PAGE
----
19. Then I really have to ask what is the point? If you can not leverage the software libraries that shield producers make for Arduino by using a Arduino IDE that has your cross linking library for your specific board (such as the chipKIT or the Maple), there is not much advantage of using a Arduino shield over a break out board (which for the most part can be had at a fraction of the cost of the comparable Arduino shield). Since the same amount of effort is required to use both of them. Jim
  20. Makes sense but Rick said it best ... Also these points are needed to truely make it work: This is important, because the shields come as finished PCB's, and if the lines do not match, you cannot run the shield without modifications, then why use a shield in the first place? If it doesn't level shift by default, there will be a lot of dead boards floating around. Even the Arduino Pro's in 3.3V have been killed over time due to this over sight. As Rick said, it needs a Arduino API (Wiring library) to make it work on the Arduino SketchPad otherwise all of the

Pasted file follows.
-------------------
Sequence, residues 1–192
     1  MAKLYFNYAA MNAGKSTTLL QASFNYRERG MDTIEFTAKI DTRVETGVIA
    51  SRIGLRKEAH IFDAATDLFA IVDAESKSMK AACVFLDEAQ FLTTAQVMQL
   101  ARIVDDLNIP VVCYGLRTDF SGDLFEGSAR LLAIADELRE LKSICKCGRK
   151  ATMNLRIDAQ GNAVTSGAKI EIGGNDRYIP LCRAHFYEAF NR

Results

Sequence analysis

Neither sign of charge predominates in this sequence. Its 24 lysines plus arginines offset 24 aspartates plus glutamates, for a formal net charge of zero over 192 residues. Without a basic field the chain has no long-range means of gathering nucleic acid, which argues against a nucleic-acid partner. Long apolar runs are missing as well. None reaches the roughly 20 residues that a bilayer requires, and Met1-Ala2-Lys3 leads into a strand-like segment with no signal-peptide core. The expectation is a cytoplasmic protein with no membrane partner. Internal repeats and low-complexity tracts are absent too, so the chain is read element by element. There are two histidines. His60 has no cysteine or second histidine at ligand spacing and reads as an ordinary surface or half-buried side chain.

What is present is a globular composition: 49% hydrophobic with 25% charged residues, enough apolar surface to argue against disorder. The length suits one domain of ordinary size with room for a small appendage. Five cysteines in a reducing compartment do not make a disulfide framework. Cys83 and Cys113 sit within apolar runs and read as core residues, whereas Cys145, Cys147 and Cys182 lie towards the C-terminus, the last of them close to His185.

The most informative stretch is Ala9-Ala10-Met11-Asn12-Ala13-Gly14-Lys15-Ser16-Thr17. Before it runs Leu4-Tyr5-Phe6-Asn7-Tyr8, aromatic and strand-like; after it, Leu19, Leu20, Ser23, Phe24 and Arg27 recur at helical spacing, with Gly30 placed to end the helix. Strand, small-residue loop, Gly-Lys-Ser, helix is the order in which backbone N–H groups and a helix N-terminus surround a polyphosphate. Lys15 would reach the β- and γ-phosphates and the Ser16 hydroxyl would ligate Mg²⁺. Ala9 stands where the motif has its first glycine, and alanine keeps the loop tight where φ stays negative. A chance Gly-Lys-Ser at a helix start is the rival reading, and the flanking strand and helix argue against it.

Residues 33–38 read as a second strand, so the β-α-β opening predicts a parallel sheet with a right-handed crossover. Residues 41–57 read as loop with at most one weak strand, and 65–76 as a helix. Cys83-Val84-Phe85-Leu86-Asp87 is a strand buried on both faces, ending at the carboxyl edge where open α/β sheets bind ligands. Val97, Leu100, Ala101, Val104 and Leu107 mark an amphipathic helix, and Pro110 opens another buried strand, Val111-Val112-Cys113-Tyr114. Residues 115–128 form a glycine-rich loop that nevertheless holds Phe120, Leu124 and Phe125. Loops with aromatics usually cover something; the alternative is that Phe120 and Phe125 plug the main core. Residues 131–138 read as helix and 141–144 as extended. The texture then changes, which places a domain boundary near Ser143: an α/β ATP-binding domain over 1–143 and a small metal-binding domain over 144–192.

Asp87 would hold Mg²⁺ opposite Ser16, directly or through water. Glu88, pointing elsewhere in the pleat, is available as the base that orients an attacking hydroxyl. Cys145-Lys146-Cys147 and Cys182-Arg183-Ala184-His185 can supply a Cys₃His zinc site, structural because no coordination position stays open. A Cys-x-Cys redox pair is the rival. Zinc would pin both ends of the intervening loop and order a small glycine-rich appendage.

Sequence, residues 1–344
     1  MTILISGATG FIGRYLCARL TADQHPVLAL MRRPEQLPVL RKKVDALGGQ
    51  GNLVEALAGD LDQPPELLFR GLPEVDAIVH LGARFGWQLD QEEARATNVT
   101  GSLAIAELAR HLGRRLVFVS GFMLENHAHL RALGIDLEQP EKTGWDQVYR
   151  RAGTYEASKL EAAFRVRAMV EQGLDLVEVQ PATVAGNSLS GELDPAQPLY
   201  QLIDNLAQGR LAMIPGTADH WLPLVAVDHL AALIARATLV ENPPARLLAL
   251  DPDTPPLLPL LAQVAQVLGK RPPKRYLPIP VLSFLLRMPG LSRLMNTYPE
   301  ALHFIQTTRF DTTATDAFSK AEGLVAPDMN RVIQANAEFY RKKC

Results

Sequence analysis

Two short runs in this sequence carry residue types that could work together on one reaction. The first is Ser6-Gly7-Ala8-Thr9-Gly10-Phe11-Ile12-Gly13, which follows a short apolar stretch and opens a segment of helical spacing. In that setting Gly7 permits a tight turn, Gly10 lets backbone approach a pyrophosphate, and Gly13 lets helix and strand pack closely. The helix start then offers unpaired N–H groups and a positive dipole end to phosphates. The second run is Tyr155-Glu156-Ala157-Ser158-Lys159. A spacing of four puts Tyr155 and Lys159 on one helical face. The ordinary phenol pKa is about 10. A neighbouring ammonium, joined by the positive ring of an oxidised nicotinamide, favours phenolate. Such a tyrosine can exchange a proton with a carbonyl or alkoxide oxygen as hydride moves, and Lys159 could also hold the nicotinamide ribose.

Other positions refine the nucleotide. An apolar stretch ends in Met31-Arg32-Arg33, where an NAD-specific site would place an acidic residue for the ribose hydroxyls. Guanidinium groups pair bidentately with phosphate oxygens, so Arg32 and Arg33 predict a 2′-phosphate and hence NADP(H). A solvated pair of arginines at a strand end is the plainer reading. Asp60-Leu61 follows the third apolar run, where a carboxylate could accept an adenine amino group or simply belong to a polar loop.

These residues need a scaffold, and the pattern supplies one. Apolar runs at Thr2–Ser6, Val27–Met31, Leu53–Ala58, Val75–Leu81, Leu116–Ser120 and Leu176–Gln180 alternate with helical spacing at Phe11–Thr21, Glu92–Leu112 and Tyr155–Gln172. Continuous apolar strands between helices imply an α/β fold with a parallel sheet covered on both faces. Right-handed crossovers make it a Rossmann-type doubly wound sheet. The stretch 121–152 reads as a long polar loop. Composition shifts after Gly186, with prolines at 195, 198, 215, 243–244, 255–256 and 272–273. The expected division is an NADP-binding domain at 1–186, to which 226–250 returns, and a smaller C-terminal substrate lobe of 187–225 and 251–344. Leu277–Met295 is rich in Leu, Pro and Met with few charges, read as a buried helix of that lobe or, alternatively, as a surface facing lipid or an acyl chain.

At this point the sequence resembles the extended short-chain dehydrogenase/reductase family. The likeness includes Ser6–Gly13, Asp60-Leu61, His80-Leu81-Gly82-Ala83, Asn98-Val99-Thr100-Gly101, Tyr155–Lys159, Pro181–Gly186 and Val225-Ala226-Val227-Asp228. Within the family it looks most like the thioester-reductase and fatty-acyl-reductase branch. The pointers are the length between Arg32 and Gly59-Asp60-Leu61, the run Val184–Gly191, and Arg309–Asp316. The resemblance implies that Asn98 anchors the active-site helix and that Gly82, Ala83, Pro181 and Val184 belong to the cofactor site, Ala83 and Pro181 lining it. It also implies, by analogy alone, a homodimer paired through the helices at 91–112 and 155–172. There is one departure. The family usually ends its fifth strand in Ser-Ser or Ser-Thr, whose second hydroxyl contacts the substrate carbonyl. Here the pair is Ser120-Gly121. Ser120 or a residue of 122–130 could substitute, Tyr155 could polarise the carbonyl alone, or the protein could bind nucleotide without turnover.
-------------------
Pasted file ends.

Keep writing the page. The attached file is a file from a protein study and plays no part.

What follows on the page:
21. The problem with the Arduino footprint is its use of a shifted by .06 header system. So you cannot use cheap .100x.100 grid Prototype PCBs easily. Which doesn't matter if your only goal is to use shields or you fabricate a PCB for every design, but can be a drag when you look at the cost of Arduino compatible prototype boards. Jim
  22. I think its working just fine. Jim
  23. http://www.stanford.edu/class/ee281/index.html http://www.atmel.com/dyn/resources/prod ... novice.pdf http://hlt.media.mit.edu/wiki/pmwiki.ph ... n.HomePage http://ocw.mit.edu/courses/media-arts-a ... ut06_avr1/ http://itp.nyu.edu/physcomp/Tutorials/Tutorials http://www.ai.uga.edu/mc/microcontrolle ... tebook.pdf http://www.ccs.neu.edu/course/cs4610/do ... ibrary.pdf Jim
  24. Well I got 2 today, they were version 1.5s. Bluehash, It is almost more of a excitement thing, sure you can use 1.4's, and sure with some F-F jumpers or other quick fix it would work. But where is the fun in that? Jim